November 16-19, 2021
This course is designed for researchers and clinicians who are interested in using MRI to study the human spinal cord. Imaging the spinal cord entails a number of complications compared to whole brain imaging: the cord is a thin, flexible, 3-dimensional organ surrounded by pulsating cerebrospinal fluid and a complex vertebral structure. We hope to spare you various pitfalls and failures based on more than 10 years of experience with such imaging.
Faculty (more to be added)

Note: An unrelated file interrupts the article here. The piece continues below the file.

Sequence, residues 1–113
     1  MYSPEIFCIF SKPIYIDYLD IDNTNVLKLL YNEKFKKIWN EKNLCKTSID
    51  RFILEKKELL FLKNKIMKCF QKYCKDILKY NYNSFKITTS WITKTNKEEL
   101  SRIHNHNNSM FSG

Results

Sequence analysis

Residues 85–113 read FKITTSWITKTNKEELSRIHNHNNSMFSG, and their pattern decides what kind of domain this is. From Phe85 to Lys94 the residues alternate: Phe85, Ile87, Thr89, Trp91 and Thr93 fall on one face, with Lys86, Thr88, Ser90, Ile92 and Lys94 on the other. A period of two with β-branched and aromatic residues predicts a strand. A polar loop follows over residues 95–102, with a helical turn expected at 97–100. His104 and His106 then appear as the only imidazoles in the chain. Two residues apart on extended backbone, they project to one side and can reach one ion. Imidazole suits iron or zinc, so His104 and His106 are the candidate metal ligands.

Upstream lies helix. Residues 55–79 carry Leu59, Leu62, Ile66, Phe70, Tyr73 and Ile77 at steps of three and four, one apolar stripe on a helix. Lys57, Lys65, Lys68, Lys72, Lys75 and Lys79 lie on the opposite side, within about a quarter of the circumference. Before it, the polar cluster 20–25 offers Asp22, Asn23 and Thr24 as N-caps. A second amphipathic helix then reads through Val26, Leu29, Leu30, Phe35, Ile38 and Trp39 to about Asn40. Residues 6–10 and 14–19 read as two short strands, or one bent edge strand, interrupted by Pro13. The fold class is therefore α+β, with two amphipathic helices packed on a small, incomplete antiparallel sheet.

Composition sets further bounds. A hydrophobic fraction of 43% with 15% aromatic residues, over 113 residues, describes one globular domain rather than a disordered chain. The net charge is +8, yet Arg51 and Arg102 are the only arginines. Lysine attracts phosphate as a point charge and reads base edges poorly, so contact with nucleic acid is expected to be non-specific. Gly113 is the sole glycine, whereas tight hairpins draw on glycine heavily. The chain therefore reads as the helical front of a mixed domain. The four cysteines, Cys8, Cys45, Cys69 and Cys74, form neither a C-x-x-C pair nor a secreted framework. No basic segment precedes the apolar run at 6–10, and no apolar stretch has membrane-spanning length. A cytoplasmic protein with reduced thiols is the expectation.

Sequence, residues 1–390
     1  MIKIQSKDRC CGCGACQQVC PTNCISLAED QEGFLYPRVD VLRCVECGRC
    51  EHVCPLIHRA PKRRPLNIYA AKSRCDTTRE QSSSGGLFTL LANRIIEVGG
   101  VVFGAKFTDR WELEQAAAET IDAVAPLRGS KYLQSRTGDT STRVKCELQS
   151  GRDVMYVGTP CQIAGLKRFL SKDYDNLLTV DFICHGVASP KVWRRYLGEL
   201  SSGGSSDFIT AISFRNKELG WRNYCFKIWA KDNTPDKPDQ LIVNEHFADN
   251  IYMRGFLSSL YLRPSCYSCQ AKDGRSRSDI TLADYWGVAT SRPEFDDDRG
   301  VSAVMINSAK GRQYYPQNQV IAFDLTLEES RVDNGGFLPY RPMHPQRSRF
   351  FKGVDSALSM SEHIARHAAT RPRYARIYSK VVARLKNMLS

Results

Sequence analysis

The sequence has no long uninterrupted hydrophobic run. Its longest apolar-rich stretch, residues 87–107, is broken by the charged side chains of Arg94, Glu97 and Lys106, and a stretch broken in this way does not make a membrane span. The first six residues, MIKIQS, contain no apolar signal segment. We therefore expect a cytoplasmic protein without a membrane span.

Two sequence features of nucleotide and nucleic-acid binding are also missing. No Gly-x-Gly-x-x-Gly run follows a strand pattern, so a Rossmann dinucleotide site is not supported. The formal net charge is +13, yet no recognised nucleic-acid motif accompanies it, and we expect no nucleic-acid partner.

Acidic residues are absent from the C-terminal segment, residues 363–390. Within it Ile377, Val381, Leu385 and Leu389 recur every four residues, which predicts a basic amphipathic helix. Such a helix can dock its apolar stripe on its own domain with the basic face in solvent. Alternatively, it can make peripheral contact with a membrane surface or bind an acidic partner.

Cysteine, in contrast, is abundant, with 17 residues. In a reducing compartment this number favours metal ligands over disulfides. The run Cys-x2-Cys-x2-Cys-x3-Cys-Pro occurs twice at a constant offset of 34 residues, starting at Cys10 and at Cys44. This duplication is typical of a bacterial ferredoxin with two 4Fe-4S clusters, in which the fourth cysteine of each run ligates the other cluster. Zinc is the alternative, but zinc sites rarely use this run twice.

Robert Barry, Ph.D. [Course Director] Dr. Barry’s research aims to maximize the utility of high-field MR scanners to improve our understanding of central nervous system function and networks in normal and pathological populations. A focus of this work has been on the development and validation of methods for the acquisition, processing, and analysis of blood oxygenation level dependent (BOLD) functional magnetic resonance imaging (fMRI) data at ultra-high fields. Recently, this work was translated from the human brain to the spinal cord. The current focus of the Brain & Spinal Cord Laboratory is the development of next-generation hardware and software for spinal cord MRI and fMRI at 7 Tesla. More information about Dr. Barry available at: